NEW YORK (AP) -Watching as the spectacle between pitcher Roger Clemens and his former trainer Brian McNamee played out on TV, Shaun McMenamey had no doubt who was telling the truth about whether the Cy Young Award winner had used drugs.
``I believe McNamee, it just seems like he's more credible,'' said McMenamey, of Wilton, Conn. As for Clemens, ``he's a little too adamant about being not guilty.''
He wasn't the only one who thought so. Watching Wednesday's congressional hearing on Capital Hill at the ESPNZone in Times Square, Adam Goldenberg and William Ashley both were convinced of Clemens' guilt.
``I believe McNamee,'' said Goldenberg of Westchester. ``Why would he lie about Clemens and tell the truth about everybody else?''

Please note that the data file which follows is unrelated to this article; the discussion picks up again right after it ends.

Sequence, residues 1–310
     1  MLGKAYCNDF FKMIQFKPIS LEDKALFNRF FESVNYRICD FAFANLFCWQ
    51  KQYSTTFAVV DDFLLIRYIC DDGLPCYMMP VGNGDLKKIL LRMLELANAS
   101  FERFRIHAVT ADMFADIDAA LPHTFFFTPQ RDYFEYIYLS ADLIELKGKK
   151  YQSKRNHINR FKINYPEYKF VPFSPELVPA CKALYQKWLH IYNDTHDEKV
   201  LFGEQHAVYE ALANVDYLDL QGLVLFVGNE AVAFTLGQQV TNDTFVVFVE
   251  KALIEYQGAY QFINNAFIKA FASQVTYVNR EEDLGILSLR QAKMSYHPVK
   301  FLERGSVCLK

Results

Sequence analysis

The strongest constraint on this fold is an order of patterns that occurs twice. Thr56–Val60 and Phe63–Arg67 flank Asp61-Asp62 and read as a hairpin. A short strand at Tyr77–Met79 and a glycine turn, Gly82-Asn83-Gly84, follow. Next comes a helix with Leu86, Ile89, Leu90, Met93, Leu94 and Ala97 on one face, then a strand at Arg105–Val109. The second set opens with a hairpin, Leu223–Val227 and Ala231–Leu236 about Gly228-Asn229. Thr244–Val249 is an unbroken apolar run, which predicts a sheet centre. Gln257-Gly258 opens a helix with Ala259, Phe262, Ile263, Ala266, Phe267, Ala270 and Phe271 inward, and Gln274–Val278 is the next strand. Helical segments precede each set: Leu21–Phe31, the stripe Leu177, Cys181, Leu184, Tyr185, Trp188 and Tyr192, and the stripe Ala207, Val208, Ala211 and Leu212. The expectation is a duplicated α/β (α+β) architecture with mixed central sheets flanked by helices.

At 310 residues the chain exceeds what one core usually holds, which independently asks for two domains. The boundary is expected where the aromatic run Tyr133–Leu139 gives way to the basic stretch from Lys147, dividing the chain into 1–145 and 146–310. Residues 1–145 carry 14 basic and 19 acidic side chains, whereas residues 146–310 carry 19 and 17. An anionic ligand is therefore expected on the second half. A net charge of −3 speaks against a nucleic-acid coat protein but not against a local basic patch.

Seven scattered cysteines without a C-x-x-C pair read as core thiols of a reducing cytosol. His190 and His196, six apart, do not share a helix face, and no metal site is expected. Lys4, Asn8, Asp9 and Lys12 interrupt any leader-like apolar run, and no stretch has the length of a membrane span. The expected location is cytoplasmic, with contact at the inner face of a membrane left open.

Ashley agreed. ``The man knows whether or not he injected another man with a substance,'' the 37-year-old Manhattanite said.
sed either steroids or human growth hormone, as McNamee said he did in December's Mitchell Report.
``Right now, there's a he said, he said,'' she said. ``I think he's innocent unless there's a needle that shows his DNA or something.''
Others said that no matter who was telling the truth, the hearing itself was a pointless production.
``It's a waste of taxpayers' money,'' said George Radwill, of Milford, Conn., at the ESPNZone to celebrate his birthday with his family. He didn't think the hearing would lead to any substantive changes in the sport.
Eric Kritzler, on 33rd Street, thought the issue of drug use was important, but wondered whether Capital Hill was the place to be dealing with it.
``I agree people can't lie. I agree situations shouldn't get this large,'' he said. ``But I think we have significant issues going on here, and now we're talking about steroids in Congress? I think it's the wrong venue.''
Goldenberg agreed. ``Why are they having this whole dog and pony show?'' he asked.
Associated Press Video Journalist Ted Shaffrey contributed to this report.

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